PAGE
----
There are those who speak of today’s students as snowflakes, kids who can’t handle conflict or difficulties. Nothing is farther from the truth. Today’s children are busy checking off boxes that indicate that they are moving steadily toward success. It is an almost robotic atmosphere in which they must complete so many requirements just to move from one phase of education to another. Square pegs have to fit into round holes no matter how painful the process of doing that may be. Universities make it more and more difficult to land an acceptance letter. Students must have resumes that include rigorous courses, leadership roles, extracurricular activities and even community service. They work from before dawn until well into the late hours of night attempting to accomplish all of the expectations. Many of them are enduring mental distress in the process and questioning their worth when they falter. It is as though we have embarked on a nationwide experiment with their very lives and souls. We have become Tiger Adults who push and push and push without thought of where all of this will lead. It is little wonder that so many young adults are pushing back on the system once they come of age to make their own decisions. Perhaps it’s time for all of us to demand that schools take a long hard look at the effects of what they are doing.

I made it through my high school and graduated as the Valedictorian in spite of the negativity and pressures that were placed on me by well meaning adults. Not everyone is so fortunate in such highly charged situations, and we have to take every person’s needs into account. There are indeed great teachers who have found the keys to reaching students without destroying their confidence and we should observe them and learn from them. Isaac Owoyemi teaches mathematics for mastery, providing students with multiple opportunities for learning concepts in an encouraging environment. Seng Dao Keo understands the necessity of starting from the point where students are on the learning curve rather than failing them for not being ready for a particular idea. Chrystal Hunter deconstructs the most difficult aspects of mathematics and simplifies them so that her students will comprehend and feel accomplished. Dickie Written reaches the imagination of his pupils by making literature relevant and exciting. Lisa Sandifer understands that many students need the arts to reach their full potential. Jenny Brunsell brings the heart of an angel to her kids and they always respond. Such educators realize that while there is an element of science in teaching it is in the execution of its art that the true miracles happen. They do not rely on scripts or preplanned lessons or the latest fads, but instead select what is needed in a specific time and place. This is the trend that we need to follow. Until our children feel the joy of learning all of our efforts will have been in vain. We reach them first through the heart and then the mind follows.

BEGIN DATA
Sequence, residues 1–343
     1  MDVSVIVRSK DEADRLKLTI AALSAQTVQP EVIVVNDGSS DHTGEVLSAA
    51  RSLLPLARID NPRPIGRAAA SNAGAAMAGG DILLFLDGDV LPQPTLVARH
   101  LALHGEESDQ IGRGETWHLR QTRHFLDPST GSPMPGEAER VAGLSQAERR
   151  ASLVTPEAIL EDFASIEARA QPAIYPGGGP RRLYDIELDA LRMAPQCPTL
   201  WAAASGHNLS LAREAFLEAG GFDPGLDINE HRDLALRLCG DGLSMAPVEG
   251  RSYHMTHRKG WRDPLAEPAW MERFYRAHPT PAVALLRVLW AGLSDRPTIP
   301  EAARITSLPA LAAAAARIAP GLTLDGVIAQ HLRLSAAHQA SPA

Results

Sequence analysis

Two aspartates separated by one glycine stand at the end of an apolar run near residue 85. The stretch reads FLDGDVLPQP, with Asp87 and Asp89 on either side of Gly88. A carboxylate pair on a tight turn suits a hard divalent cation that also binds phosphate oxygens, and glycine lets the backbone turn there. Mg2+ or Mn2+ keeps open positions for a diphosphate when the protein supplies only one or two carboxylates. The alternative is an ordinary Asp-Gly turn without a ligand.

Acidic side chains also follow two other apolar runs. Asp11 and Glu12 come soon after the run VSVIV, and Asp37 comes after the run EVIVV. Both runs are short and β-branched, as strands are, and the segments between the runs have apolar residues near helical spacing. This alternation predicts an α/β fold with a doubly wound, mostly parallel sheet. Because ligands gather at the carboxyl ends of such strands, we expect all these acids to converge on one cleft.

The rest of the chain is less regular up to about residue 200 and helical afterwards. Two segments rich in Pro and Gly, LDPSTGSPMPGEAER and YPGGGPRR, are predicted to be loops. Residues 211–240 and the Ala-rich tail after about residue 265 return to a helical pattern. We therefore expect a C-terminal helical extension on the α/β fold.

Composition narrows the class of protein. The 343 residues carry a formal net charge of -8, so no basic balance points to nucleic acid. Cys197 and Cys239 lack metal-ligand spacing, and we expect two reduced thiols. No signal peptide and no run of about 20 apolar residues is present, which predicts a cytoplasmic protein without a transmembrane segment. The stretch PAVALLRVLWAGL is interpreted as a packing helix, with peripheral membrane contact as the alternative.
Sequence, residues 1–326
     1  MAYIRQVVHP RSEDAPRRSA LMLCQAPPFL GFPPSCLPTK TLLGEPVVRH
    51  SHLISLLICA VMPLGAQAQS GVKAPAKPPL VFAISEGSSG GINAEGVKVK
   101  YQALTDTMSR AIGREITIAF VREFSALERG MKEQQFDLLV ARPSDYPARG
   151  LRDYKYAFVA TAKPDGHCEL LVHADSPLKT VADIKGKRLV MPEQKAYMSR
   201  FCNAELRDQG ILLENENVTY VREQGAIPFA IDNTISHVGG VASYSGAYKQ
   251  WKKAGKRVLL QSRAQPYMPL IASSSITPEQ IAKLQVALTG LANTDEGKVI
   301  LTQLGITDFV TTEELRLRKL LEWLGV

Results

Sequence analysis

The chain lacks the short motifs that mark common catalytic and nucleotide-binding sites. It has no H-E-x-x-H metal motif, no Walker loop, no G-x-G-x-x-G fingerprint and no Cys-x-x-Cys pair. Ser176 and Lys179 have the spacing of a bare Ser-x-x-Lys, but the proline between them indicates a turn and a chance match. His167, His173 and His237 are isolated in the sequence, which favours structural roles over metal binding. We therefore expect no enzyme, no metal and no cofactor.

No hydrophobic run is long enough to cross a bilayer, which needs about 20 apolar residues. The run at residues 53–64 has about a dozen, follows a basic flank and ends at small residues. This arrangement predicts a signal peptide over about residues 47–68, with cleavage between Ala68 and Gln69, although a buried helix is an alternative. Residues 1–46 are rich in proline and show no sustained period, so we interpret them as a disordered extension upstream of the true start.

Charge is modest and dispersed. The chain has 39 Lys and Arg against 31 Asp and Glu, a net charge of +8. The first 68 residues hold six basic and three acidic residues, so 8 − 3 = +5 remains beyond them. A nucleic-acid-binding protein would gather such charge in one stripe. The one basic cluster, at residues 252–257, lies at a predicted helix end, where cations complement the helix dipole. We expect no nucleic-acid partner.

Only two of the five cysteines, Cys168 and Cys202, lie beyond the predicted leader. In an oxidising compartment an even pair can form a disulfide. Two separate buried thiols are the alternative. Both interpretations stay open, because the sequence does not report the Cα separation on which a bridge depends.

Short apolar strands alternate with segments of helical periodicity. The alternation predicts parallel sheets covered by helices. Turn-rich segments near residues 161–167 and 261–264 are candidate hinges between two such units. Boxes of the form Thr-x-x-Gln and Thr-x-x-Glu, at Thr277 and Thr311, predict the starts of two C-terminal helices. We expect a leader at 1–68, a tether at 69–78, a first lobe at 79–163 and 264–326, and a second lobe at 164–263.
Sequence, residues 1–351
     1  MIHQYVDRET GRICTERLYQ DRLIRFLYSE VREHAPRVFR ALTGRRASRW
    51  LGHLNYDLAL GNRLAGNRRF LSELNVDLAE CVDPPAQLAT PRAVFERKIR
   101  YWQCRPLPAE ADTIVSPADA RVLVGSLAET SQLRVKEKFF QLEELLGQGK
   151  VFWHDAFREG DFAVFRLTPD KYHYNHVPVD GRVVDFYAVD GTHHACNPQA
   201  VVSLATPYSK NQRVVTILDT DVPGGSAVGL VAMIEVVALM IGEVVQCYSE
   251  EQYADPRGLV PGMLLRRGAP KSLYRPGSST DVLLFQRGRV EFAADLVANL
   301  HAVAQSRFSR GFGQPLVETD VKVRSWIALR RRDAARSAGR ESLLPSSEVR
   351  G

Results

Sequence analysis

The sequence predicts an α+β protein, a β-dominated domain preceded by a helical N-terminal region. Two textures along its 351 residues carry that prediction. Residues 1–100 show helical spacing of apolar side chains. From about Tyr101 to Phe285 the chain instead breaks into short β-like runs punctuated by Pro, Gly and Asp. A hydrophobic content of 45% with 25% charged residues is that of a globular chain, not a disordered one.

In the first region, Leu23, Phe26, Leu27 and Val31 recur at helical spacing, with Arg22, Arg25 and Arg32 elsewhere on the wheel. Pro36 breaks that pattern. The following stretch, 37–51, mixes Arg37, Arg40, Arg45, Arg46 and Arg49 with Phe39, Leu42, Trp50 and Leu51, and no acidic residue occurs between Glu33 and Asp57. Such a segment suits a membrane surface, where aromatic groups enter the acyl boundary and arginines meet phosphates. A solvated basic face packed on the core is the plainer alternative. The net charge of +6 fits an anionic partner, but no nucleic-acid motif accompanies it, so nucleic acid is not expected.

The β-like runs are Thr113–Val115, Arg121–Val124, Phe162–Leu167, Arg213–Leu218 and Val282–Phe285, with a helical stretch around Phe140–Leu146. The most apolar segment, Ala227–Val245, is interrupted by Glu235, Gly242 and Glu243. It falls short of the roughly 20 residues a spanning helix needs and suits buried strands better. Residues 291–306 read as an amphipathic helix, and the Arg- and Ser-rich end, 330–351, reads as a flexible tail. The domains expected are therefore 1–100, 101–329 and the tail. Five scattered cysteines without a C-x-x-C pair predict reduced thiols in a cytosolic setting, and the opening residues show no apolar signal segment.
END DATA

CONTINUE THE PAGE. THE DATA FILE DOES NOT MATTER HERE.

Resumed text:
Facing Our Failures

Failure.jpgThere is a trite little platitude that goes something like this, “Failure is not an option.” In reality it is a very human trait to fail at something even after exerting great effort to succeed. We all find ourselves in the midst of a fiasco now and again. It is part of who we are as people. We may fail a class even though we thought we were prepared. A relationship may sour in spite of our efforts to save it. We find ourselves being fired from a job or unable to successfully complete an important project. We wreck our car in the split second of a careless moment. We say and do exactly the wrong thing in a situation with our children. We fudge on a diet or exercise program. We inevitably make mistakes in the course of living our lives.

Perhaps instead of suggesting that there is something innately wrong in failing, we should instead concentrate on how we will behave once the genie is out of the bottle, the milk is spilled, the horse is out of the barn. Our character is often defined more by how we react to failure than how we reach success. It really doesn’t matter how many times it may have taken us to achieve a goal as much as how resolved and persistent we have been in getting there. Our willingness to keep trying often determines the trajectory of our lives. Those who adapt optimistically to their circumstances are likely to ultimately overcome even the most challenging situations. In addition, we need to teach ourselves and others how to identify toxic situations and to recognize when to walk away from them.

I know a man who literally spent almost a decade attempting to earn a college degree. He had to work to pay his tuition and the coursework was sometimes quite difficult for him. He would joke that he was going to be the oldest graduate ever. Nonetheless, he kept his eye on the prize, never giving up, even when it seemed hopeless. The day came when he held his diploma in his hand. Ultimately it was his unstoppable tenacity that earned him a great job and his willingness to keep trying against all odds has become his hallmark. He has risen to the top of his profession, admired by peers and bosses alike as someone with a dogged willingness to get the job done. He is the go to man when the situation gets tough. Everyone knows that he will not take no for an answer.